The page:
January 21, 2018

Discover Tenkara's New Book -- Is it worth getting? Absolutely yes!

I have a few books on tenkara in my library, just a few. I don't read Japanese, so I don't have any of the original tenkara monographs published in that country, but I do have three books from authoritative sources published in English.




The first is tenkara: Radically Simple, Ultralight Fly Fishing (Kelleher and Ishimura, 2011). This is an excellent introduction monograph to tenkara, and maybe all that a person needs when getting started in tenkara fishing. It's simple in design and uncomplicated in how it presents its information. I highly recommend it.






The second is tenkara - the book. A complete guide to the techniques, gear, history and philosophy of tenkara, the Japanese method of fly-fishing. A manifesto on fly-fishing simplicity (Galhardo, 2017).  This book is, of course, the must have book on tenkara. Elegantly written and illustrated, it is the reference for anyone trying to enhance and hone their tenkara skills. This book will become a classic for those pursuing the joy and simplicity of fishing that is tenkara. It goes without saying, I very highly recommend this book.



An finally, How to Fool Fish with Simple Flies: The secret science behind Japanese "kebari" and Euro-nymph patterns (Gaskell and Pearson, 2017).  This is the book I most recently acquired and would like to review in this post.



How to Fool Fish with Simple Flies: The secret science behind Japanese "kebari" and Euro-nymph patterns is a masterfully written and illustrated work on more than just tenkara. In fact, if your are just getting into tenkara, this book might not be the first one you should buy. You might want to get one or both of the previously mentioned books first and get some experience under your belt before buying How to Fool Fish with Simple Flies...

But buy it you must if you are at all truly interested in tenkara and the flies traditionally used in Japan. More importantly, if you want to get better at tenkara and learn all methods of fly design and manipulation, then this book needs to be in your library!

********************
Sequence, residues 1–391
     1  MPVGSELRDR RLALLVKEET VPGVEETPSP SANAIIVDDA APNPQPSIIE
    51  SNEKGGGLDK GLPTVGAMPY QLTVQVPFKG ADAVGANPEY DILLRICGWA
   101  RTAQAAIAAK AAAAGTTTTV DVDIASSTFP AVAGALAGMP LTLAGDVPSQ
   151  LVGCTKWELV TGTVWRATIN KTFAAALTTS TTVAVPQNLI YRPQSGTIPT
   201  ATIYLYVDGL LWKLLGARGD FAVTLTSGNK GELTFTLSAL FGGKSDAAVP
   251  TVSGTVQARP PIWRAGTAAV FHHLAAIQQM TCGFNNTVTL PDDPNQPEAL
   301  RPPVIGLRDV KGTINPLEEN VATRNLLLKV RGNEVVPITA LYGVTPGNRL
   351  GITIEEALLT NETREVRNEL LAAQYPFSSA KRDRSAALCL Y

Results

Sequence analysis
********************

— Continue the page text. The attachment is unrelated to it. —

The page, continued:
If you like the simplicity of tenkara, but don't fish mountain streams for salmonid species, then this book might be somewhat of a disappointment to you. This book doesn't talk about fishing for bluegill in ponds. It doesn't address tactics or techniques for smallmouth bass in rivers or tarpon in mangrove swamps. It doesn't illuminate on how to use a tenkara rod with bait or tiny spoons. That's because those styles of fishing with a tenkara rod are not tenkara. I know that may be painful to hear, but it's not. This book is only about tenkara, and the flies and techniques used to manipulate them. To state it as simply as I can -- this book is not about fishing with a tenkara rod, it's about tenkara. There's a difference (at least as defined by this book -- I'm not an elitist or the tenkara police; you can define tenkara how you like).

How to Fool Fish... is extremely comprehensive. It is quite technical and might be too intense for some, but for me it was an amazing read. I read the entire book on the day I received it, in one sitting. I couldn't put it down! This book is less like a monograph and more like a doctoral dissertation, it's that comprehensive.

Used by permission


Paul and John divided the book into different sections and they thoroughly explore all aspects of those sections. A few of the sections are: Part I: What kebari are - and how they are designed to work, Part III: A summary of kebari "physical fishability" characteristics, Part IV: Outline of key specific fishing methods, and Part V: Bringing it all together - using onstream conditions to choose kebari and tactics. Rich photos and numerous drawings help illuminate the reader and make the text come alive.